Anno 1800 Review - The Prettiest Spreadsheet

5/5

At the heart of any European town founded before the 19th century lies a church. It’s the same with Anno 1800. At the center of your city sits a magnificent cathedral, its spectacular steeple reaching for the heavens and illuminating the lives of everyone who passes by. It’s a very beautiful church, but it’s hiding something.

At the heart of Anno 1800 lies an intimidating and complex financial simulation. It may seem like you’re overseeing the rise and occasional fall of a European-style city as it comes of industrial age. But really, you’re juggling numbers, thumb wedged in the accounts ledger, finessing production efficiencies and stabilizing trade fluctuations. Anno 1800 is perhaps the prettiest spreadsheet I’ve ever seen.

Each randomly generated map in the core sandbox mode unfurls as a mostly blank canvas, a glistening sea dotted with fertile islands waiting to be claimed by you and your (AI or human) opponents. As you grow and expand your reach across multiple islands and into the New World–and your empire undergoes its Industrial Revolution–you’ll employ more advanced technologies, extracting coal and oil to fuel great belching factories and formidable steam engines. But the basic principle remains constant: Satisfy your population by employing them to manufacture natural resources into commodities that encourage more people to move to your cities.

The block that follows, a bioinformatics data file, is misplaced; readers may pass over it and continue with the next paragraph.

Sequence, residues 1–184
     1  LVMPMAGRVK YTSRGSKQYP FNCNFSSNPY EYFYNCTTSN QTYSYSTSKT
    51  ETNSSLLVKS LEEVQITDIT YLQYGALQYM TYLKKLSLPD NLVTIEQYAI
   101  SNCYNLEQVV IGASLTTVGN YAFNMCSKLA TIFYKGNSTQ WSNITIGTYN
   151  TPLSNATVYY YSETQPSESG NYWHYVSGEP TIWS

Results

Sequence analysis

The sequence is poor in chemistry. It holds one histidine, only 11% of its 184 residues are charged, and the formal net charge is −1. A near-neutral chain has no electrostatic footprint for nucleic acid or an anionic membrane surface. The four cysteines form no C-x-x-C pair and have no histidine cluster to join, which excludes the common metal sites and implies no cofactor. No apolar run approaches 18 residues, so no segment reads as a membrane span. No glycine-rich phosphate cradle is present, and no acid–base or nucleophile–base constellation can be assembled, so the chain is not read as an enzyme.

Everything becomes a production chain for you to configure, massage and optimize. Early on the choices you’re making here are relatively simple; the virgin terrain of your first settlement makes it easy to place the knitter near the farm so the wool is delivered swiftly and the warehouse within range so the finished goods can be collected for immediate sale. But soon the need for a navy means you’ve had to build a sailmaker’s yard which is now diverting wool previously used by the knitter. Building another sheep farm means finding the physical space for an additional farm as well as for all the extra housing for the new farmers. Extend this scenario a few hours into a game and it will encompass dozens of productions chains of increasing complexity and inter-connectivity.

 

Managing these productions chains–whether it’s work clothes and sails or beer and pocket watches–is an enjoyable exercise in a kind of “balancing the books” sense. You know you have to spend resources to grow, but your success depends on finding that ever-moving sweet spot between overreaching and not pushing far enough. It’s necessary to keep the requisite resources flowing and meet the housing and job demands of your population, but it’s not sufficient. To maintain a firm hand on your economy you have to appreciate the various financial levers available to you, allowing fine adjustments to tax rates and production ratios that can genuinely mean the difference between keeping it in the black and going bankrupt.